The Royal Enfield Fury is a British motorcycle made by Royal Enfield at their factory in Redditch.[1] The Fury name has also been used by Royal Enfield Motors in India for a 175 cc motorcycle[2] and for a new 499 cc single in their range for 2011.[2]

Royal Enfield Fury
ManufacturerRoyal Enfield
Engine499 cc (30.5 cu in) air-cooled single
Transmission4-speed, chain final drive

Development edit

Launched in 1959, the 499 cc Fury was planned for the US export market to compete against the BSA Gold Star and Velocette Venom.[citation needed] Developed from the Royal Enfield Bullet[1] and sharing many of the cycle parts, the Fury had an aluminium alloy barrel with cast iron liner and a high compression piston. The engine was specially tuned to increase the Bullet's 27 hp (20 kW) to 40 bhp (30 kW).[3]

Intended for serious off-road and competition use, the Fury was supplied with optional lights, mounting an optional rev counter, an 18-inch (460 mm) rear wheel and a 19-inch (480 mm) front wheel.[3] Only 191 Furies were made between 1959 and 1963, when production ended.[1]

Enfield Fury 175 edit

The 'Fury' name was revived by Enfield India for a licensed copy of the German Zündapp KS175. Royal Enfield (India) assembled the 163 cc Fury from parts imported from Germany when Zündapp Motorcycles ceased production and closed their factories in 1984. It had five-speed gearbox, a hydraulic Brembo disc brake and a sleeveless hard chromed cylinder barrel, all were a first on a motorcycle in that country.[2]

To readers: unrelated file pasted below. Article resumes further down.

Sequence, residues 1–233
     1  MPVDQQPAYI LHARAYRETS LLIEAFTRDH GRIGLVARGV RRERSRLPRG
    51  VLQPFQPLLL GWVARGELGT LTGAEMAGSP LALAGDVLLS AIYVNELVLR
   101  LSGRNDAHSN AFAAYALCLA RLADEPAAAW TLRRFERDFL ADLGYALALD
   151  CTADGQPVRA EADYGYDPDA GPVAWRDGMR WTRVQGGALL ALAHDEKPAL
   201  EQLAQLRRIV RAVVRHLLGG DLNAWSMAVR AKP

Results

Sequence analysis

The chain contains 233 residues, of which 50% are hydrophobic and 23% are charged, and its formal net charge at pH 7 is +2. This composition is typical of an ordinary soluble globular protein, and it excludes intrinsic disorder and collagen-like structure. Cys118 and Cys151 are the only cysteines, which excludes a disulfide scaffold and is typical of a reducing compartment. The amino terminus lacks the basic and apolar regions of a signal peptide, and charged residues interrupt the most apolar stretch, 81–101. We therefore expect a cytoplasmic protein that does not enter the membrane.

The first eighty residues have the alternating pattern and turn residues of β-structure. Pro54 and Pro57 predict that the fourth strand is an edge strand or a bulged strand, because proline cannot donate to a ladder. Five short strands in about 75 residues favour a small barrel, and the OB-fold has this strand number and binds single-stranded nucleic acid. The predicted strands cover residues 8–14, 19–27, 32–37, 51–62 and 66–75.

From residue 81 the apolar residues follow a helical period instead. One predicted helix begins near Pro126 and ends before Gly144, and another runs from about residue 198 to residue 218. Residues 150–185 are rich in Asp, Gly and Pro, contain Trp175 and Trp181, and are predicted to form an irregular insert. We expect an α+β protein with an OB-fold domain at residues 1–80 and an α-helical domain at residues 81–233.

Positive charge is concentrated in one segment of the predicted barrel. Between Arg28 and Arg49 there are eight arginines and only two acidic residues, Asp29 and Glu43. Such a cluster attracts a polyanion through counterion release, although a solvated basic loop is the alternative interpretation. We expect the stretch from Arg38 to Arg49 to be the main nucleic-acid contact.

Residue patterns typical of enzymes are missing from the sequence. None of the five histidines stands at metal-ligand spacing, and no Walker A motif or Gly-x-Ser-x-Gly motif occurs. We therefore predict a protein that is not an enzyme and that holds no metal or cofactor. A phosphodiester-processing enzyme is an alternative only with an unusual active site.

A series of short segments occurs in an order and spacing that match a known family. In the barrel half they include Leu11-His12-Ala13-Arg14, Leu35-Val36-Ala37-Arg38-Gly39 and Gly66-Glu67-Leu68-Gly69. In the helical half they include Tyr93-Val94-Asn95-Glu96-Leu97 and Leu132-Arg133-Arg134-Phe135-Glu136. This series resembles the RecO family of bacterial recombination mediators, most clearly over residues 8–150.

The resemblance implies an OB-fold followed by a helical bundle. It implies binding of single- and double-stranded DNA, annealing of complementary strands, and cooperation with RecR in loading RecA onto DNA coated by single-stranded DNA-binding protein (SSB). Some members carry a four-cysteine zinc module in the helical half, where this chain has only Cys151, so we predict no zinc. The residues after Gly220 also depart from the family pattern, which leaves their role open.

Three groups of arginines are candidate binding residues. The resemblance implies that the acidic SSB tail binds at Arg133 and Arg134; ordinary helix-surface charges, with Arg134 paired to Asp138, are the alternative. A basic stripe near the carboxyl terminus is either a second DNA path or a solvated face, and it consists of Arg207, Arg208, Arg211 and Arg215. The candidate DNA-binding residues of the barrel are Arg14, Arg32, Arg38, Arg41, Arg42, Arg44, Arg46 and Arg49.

2011 Royal Enfield Fury edit

The Royal Enfield Fury name has been used again for a new 499 cc single-cylinder model by Royal Enfield India and forms part of their range for 2011. The new Fury has fuel injection and is the first Royal Enfield motorcycle in 40 years with twin exhaust pipes.[2] The new Fury is supplied with a chrome headlight and digital instruments, with a fibreglass single seat unit incorporating a rear light.[4] With maximum power of 27.2 hp (20.3 kW) at 5250 rpm, however, the new Fury has more in common with the modern Royal Enfield Electra than the original Fury of 1959.[5]

References edit

  1. ^ a b c "1960 Royal Enfield 499 cc Fury". Retrieved 11 December 2010.
  2. ^ a b c d "2011 Royal Enfield Fury Revealed". 29 November 2010. Retrieved 11 December 2010.
  3. ^ a b Chadwick, Ian. "The history of the Royal Enfield Bullet". Retrieved 11 December 2010.
  4. ^ "2011 Royal Enfield Fury Introduced". 1 December 2010. Retrieved 11 December 2010.
  5. ^ "2011 Royal Enfield Fury". 29 November 2010. Archived from the original on 9 July 2012. Retrieved 11 December 2010.

See also edit